Dr. K. S. Singh has pointed out that in India there are several communities which can be classified as having more than one religion. It is interesting to note that Sinhalese religious practices also point to the same direction. The Hindu Bhakti cult has influenced Theravada Buddhism and there are images of Hindu Gods in Buddhist temples. The deity of Skanda (Muruga) in Kataragama, located near the Yala sanctuary in the northeast of the island, continues to be the "major institutional intersection of several religious faiths. Hindus, Buddhists, Christians and Muslims, all go to Kataragama, where the atmosphere is one of tolerance and goodwill". During my last visit to the temple two years ago, I found Buddhist pilgrims far outnumbering the Hindus. The Sinhalese carry the Kavadi with great devotion and fervour.
According to Buddhist chronicles, the founding father of the first Sinhala kingdom was Prince Vijaya, a Kshatriya from North India who came to the island with 700 followers in 544 BC. Vijaya aligned himself with an aboriginal princess named Kuveni, married her and with her assistance became the king of the country. Later he drove Kuveni away and married a princess from Madurai and made her the queen. His followers also married maidens of high birth from the Pandyan kingdom. In other words, even according to Buddhist texts, from the very beginning, the Sinhala nation was a product of assimilation between the Sinhalese and the Tamils.
Given the geographical contiguity, Sri Lanka had close cultural contacts with Tamil Nadu and Kerala. The narrow and shallow Palk Strait was not a barrier; it was a bridge through which religious leaders, merchants and ordinary people moved freely. Few Sri Lankan scholars want to subscribe to the objective truth that Buddhism was a virile religion in South India and the spread and efflorescence of Theravada Buddhism in the island had much to do with fruitful contacts with Buddhist centres of learning in Kanchipuram, Kaveripatinam and Madurai. Buddhaghosha of Magadha, "poet, philosopher and commentator" of Theravada Buddhism was patronised by Sanghapala, King of Kanchipuram. It is a matter of pride for the Tamils that one of the greatest epics of Theravada Buddhism is in Tamil language. Manimekalai, written in the second century AD, is one the finest jewels of Tamil Buddhist literature.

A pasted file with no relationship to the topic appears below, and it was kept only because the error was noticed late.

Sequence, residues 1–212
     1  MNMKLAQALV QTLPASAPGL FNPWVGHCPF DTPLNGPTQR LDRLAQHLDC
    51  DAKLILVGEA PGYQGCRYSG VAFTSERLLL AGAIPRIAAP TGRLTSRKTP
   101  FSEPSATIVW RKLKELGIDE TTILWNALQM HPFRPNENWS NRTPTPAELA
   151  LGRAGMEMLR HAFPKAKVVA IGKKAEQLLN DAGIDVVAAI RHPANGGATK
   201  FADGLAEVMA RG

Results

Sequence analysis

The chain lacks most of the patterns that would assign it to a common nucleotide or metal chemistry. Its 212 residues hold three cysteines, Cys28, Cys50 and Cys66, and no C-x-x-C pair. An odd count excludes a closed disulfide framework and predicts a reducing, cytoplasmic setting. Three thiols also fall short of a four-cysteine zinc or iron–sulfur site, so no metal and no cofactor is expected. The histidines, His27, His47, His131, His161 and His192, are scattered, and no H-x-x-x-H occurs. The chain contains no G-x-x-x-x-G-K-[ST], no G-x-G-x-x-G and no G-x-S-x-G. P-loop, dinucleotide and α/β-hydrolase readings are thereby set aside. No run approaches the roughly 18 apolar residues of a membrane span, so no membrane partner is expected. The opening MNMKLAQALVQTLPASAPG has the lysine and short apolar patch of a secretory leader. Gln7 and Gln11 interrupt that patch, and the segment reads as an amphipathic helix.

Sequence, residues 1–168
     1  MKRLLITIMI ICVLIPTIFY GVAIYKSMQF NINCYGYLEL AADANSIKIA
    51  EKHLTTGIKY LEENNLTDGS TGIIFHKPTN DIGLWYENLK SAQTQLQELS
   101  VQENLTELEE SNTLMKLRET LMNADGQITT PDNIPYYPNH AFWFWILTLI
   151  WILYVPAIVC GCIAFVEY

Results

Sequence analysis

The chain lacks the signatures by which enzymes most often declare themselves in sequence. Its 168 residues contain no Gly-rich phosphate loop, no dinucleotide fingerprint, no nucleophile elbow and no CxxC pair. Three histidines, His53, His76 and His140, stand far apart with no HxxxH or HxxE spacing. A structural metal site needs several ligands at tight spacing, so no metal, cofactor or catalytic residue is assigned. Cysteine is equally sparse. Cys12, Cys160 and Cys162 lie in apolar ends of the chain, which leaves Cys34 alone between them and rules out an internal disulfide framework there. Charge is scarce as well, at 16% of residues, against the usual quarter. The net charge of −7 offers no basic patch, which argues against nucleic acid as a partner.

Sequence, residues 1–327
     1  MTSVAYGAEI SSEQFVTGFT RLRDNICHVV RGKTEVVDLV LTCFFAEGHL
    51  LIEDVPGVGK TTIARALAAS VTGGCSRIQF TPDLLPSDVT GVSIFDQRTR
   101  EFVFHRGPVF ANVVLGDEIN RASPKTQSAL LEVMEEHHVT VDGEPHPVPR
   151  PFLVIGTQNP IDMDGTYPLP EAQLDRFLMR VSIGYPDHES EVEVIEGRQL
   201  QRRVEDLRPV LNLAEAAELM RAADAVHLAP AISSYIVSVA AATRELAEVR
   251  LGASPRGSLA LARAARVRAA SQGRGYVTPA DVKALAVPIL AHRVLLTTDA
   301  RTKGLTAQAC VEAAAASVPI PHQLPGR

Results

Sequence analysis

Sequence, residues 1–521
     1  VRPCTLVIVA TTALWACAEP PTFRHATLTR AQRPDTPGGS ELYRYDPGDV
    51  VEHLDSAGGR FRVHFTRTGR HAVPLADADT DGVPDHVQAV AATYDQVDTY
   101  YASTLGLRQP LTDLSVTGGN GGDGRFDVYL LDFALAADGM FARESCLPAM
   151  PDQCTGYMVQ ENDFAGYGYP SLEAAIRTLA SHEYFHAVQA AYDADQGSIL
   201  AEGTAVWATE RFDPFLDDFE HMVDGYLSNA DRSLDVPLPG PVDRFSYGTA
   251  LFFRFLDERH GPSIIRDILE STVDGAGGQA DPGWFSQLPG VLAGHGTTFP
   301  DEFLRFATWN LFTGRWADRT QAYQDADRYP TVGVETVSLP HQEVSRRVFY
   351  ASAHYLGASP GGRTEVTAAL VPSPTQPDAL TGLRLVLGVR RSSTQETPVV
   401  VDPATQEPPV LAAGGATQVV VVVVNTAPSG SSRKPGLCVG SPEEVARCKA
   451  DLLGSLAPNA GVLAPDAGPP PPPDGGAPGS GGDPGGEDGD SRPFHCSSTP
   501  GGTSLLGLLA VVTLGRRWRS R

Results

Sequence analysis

Kerala’s relations with Sri Lanka and interaction with the Sinhalese and Tamils remain a neglected area of historical research. According to Gananath Obeyesekere, when Hinduism began to dominate the religious scene in Kerala from the tenth century, a large number of Buddhists migrated to Sri Lanka.
Despite the cultural commonalities, the chauvinists among the Sinhalese and the Tamils propagate the falsehood of age old animosities between the two communities. It is my submission that the Sinhala-Tamil conflict is a product of post-independence politics, an offshoot of the nation building experiment, when the Sinhalese leaders tried to build the nation on the basis of Buddhist religion and Sinhala language to the exclusion of minority claims. The situation was aggravated when the chauvinist Sinhalese and Tamil leaders began to resort to the politics of ethnic mobilisation.
In his absorbing novel, "When Memory Dies", A. Sivanandan narrates a conversation between Uncle Para and Vijay. Uncle Para tells Vijay, "When memory dies a people die". Vijay asks Uncle Para, "But if we make false memories". Uncle Para responds, "That’s worse, that is murder".
(The writer is former Director, Centre for South and Southeast Asian Studies, University of Madras, Chennai)